Massage & Bodywork

March/April 2013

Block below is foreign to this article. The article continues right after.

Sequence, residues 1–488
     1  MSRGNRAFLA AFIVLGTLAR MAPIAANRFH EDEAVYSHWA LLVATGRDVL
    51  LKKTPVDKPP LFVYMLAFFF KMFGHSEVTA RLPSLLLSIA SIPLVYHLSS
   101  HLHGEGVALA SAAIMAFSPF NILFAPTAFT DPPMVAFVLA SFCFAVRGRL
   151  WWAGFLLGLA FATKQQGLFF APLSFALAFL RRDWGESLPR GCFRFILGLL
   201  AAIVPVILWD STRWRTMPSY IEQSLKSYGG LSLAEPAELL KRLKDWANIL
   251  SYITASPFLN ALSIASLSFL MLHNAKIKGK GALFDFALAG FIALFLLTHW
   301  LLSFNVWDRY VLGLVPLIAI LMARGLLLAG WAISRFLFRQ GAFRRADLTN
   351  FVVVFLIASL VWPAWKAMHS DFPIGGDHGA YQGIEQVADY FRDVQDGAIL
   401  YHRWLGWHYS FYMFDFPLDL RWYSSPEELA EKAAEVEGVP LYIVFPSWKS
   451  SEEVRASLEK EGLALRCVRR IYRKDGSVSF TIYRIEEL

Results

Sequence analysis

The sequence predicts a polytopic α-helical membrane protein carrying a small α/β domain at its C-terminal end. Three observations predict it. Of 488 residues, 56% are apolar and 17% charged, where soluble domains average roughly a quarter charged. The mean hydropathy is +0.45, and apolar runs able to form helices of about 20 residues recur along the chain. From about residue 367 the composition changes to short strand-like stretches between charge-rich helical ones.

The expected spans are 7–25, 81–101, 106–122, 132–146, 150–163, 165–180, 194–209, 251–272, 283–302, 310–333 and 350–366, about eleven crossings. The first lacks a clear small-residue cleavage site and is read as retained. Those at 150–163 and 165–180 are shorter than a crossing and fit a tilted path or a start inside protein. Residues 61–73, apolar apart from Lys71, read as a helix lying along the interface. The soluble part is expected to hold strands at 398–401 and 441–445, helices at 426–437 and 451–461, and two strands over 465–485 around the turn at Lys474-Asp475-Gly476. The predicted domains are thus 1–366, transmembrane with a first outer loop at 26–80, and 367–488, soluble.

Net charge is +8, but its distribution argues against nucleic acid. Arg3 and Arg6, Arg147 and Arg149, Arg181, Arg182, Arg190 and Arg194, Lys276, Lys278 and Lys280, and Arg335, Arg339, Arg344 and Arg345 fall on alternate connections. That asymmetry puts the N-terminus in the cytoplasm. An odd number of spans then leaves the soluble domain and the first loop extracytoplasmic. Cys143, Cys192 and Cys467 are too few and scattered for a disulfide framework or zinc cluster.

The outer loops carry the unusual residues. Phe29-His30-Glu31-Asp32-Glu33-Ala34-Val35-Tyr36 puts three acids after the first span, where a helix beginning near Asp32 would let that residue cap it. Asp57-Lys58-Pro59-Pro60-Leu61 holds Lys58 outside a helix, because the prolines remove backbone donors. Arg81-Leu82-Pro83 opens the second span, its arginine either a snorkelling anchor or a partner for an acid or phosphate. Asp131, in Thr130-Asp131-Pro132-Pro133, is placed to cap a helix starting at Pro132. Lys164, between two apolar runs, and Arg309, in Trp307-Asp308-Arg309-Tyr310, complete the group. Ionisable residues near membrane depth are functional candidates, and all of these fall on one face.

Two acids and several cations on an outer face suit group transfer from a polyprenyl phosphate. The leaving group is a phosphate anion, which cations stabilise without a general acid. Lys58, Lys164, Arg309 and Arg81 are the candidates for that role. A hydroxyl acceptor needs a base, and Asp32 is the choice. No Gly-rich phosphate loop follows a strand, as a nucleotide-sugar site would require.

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education Pathology perspectives | body awareness | functional anatomy | somatic research Pectineus By Christy Cael The pectineus is part of the hip adductor group, joining the adductor brevis, the adductor longus, and the adductor magnus, as well as the gracilis, in pulling the thigh in toward the midline (hip adduction). These muscles connect the inferior, medial pelvic girdle to the femur. The pectineus is the smallest of the adductor muscles, and its fibers slope inferiorly and laterally between the superior ramus of the pubis and the posterior, proximal end of the femur. Because it is located within the femoral triangle, this muscle can be challenging to palpate and treat. Functionally, the pectineus pulls the femur in and forward. This motion helps position the lower extremity for heel strike during gait and pulls the leg forward during kicking motions. These activities occur with the foot free. When the foot is planted, the function of the pectineus differs: it helps stabilize the pelvis over the femur. Without it and the other adductors, the pelvis would shift medially over the knee, compromising stability and alignment in the lower extremity. The role of the pectineus and the other adductors also changes with the position of the femur. When the hip is flexed and the femur forward, the adductor magnus joins the gluteus maximus, the gluteus medius, and the hamstring group to extend the hip in pulling the pelvis forward over the foot. During this activity, the adductor muscles stabilize the hip and help keep the body aligned over the leg when bearing weight. When the hip is extended and the femur back, the adductor longus, the adductor brevis, and the pectineus join the other hip flexors in swinging the leg forward. They also oppose abduction by the gluteus medius, maintaining position of the swinging leg in the sagittal plane. This alternating function also occurs during walking or running. Shortening of the pectineus may occur with prolonged sitting, pulling the pelvis into an anteriorly rotated position upon standing. This postural deviation contributes to lumbar lordosis and sacroiliac joint dysfunction. Assess muscle length and tone in all hip flexors including the psoas, the iliacus, and the rectus femoris, as well as the anteriororiented adductors (the adductor longus, the adductor brevis, and the pectineus) in clients with anterior pelvic tilt. Pectineus Attachments • Origin: Superior ramus of pubis • Insertion: Pectineal line of femur Actions • Adducts the hip • Flexes the hip Innervation • Femoral and obturator nerves • L2–4 See what benefits await you. 49

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